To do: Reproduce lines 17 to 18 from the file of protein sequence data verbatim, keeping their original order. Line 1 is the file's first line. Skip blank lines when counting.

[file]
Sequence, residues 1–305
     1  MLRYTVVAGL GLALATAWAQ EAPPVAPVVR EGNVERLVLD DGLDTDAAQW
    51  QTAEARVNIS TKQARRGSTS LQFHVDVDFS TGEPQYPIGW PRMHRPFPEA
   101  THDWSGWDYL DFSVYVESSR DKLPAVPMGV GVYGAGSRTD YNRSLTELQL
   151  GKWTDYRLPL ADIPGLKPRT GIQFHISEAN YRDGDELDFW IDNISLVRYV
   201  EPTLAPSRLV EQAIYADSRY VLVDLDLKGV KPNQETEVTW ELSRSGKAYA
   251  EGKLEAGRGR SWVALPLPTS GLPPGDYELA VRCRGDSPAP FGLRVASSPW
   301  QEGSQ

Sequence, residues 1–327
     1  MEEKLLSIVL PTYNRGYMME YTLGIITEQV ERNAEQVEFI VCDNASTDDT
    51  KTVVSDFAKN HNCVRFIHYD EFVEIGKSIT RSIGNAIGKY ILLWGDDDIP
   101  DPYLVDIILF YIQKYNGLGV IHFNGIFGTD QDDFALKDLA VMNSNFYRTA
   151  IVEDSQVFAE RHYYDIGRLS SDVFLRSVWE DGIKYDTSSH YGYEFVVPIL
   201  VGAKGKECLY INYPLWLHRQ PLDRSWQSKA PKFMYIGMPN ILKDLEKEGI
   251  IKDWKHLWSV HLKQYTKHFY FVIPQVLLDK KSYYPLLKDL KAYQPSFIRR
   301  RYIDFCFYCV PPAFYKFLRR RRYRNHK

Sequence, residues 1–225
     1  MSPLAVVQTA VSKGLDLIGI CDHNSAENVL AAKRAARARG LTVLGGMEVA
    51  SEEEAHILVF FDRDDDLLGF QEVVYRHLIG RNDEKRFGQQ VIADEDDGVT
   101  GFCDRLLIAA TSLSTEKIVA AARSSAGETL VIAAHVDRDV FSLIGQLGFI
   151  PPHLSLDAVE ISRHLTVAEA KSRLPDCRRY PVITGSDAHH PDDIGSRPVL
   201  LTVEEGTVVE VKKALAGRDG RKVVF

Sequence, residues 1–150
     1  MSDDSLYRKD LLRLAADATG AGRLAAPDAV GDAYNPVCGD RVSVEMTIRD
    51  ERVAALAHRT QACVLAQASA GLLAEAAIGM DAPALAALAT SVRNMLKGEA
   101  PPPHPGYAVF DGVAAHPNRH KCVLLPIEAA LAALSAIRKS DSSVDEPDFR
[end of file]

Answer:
Sequence, residues 1–225
     1  MSPLAVVQTA VSKGLDLIGI CDHNSAENVL AAKRAARARG LTVLGGMEVA